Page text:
During the Cold War, the colonel was commander of the Continental Air Defense Command (now NORAD). In case of an attack on the United States, he would have been the first to receive word.
Colonel Shoup was at his desk that day in 1955 when NORAD assumed the task of following the progress of Santa’s sleigh. But the new responsibility wasn’t ordered by President Eisenhower or any of the colonel’s military superiors.
The job resulted from a typographical error–one little mistake whose happy consequences are still being felt nearly sixty years later.
From the Storycorps website: “StoryCorps is a national nonprofit that gives people the chance to interview friends and loved ones about their lives. These conversations are archived at the American Folklife Center at the Library of Congress, allowing participants to leave a legacy for future generations. Learn more, including how to interview someone in your life, at StoryCorps.org.”
When it ran, in the early ’60s, TV sets hadn’t yet reached peak efficiency. Things went wrong: static, snow, vertical hold not holding, antenna blown cattywampus by a strong breeze.
Periodically someone would have to jump up and turn knobs on the front or jiggle wires in the back. The worst was the dreaded horizontal hold. When that got loose, the repairman was a phone call away. (Back then we didn’t just chuck electronic equipment.)
That was during the Cold War and the Space Race. Satellites and flying saucers and who-knew-what-else were up there. When the picture suddenly blurred and the order sounded—”Do not attempt to adjust your set”—viewers knew an alien force was in control. It stayed in control for the next sixty minutes, minus time out for commercials and station identification.
(During commercials, Earth reasserted control. But viewers helped continue the illusion by leaving the room or talking amongst themselves.)
David gave me a set of Outer Limits DVDs for our anniversary. (Please do not sneer at his choice. I gave him a towel shelf. Romance is not measured in bonbons and champagne. Anyway, we’d gone through Alfred Hitchcock Presents and Twilight Zone and were ready to move on.)
To date, we’ve watched four episodes.
First there was the story of the radio broadcaster who makes contact with an alien civilization. “I’m not supposed to be doing this,” says the human. “Neither am I,” says the alien. “Because your race is dangerous.”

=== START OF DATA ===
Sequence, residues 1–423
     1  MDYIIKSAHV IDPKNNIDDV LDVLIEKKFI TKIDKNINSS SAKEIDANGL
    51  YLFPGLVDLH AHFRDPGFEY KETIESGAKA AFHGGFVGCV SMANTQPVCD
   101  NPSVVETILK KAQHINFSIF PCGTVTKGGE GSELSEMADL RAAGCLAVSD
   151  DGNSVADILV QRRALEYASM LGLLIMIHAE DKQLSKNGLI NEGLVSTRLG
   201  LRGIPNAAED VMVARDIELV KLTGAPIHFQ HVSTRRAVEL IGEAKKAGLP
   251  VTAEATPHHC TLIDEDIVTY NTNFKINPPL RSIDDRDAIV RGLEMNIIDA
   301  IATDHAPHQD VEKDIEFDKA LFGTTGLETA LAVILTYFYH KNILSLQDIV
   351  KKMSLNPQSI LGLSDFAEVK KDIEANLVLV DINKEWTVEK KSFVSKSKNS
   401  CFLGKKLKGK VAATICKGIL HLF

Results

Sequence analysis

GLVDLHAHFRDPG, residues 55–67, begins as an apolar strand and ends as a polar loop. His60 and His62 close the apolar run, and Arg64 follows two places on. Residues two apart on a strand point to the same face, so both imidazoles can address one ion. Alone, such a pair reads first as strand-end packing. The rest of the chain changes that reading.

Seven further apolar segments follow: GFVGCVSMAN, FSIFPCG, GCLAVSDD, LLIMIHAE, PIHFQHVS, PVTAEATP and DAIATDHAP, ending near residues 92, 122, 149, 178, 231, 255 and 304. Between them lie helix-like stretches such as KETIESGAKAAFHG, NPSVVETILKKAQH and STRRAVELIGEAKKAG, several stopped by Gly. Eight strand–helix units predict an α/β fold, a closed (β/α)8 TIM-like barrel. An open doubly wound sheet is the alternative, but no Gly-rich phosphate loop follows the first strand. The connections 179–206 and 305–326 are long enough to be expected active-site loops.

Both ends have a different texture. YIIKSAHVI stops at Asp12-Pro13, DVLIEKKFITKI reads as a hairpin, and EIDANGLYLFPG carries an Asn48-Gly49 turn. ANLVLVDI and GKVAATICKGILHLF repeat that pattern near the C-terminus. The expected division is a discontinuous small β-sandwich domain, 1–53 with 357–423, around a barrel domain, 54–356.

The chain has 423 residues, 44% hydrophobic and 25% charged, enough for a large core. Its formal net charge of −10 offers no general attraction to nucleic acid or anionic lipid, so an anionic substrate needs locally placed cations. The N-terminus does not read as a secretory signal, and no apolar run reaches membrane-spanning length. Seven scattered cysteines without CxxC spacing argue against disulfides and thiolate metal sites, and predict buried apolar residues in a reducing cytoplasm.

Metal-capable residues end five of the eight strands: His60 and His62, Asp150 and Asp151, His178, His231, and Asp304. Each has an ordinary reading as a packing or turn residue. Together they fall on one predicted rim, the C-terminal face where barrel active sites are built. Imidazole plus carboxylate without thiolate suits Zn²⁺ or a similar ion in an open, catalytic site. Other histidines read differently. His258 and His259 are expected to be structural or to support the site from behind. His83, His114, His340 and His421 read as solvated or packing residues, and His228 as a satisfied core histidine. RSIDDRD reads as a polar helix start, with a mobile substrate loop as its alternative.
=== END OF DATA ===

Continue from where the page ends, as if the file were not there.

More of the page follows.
Yeah, I thought, we are.
Then there was the one about the scientist who, for the sake of greed and glory, creates a microbe that destroys all but a remnant of the human race and turns survivors into freaks.
Yeah, I thought. Biological warfare. Drug-resistant bacteria.
Then there was the one about Orbit, a top-secret program designed to spy, eventually, on everyone on earth. The military supports research and development until the general who okayed the program becomes frightened of it.
Yeah, I thought. Drones, CC-TV, web-cams, little cameras in ladies’ dressing rooms.
The only part that seemed unreal about that show was the general saying he was frightened. I don’t know of any generals who’ve complained about drones.
To be candid, Outer Limits plays today like a documentary with bad lighting. What began as movie night has become depressing.
Tonight’s episode, however, afforded hope. Harry Guardino’s brain takes over Gary Merrill’s body and sets out to destroy everyone at a polar scientific installation. Sally Kellerman recognizes that Merrill’s brain is in Guardino’s body and helps Merrill subdue Guardino, and it’s all due to the power of love.
A vision of an Abominable Snowman makes a couple of appearances. I didn’t catch its significance, but David said it represented Guardino’s guilt for not going into a crevasse to save a fellow soldier.
Now is the time to confess that I wasn’t paying attention during the crevasse scene. I was writing this post.
And therein lies a solution: when fifty-year-old sci-fi makes me feel like Winston Smith, I’ll grab the laptop and type myself into my own literary reality.
P. S. Now is the time to confess that the Merrill-Guardino-Kellerman show wasn’t nearly so good as the others. Sappy and insignificant. Like 1984 would have been without all the…Never mind.
ROW80: Doing okay. Sent two short-short stories to my beta reader. Started revising first part of novel draft. To see how other ROW80 participants are getting along, click here.
Image of satellite by NSSDC, NASA[see page for license], via Wikimedia Commons. This file is in the public domain because it was created by NASA. NASA copyright policy states that “NASA material is not protected by copyright unless noted“.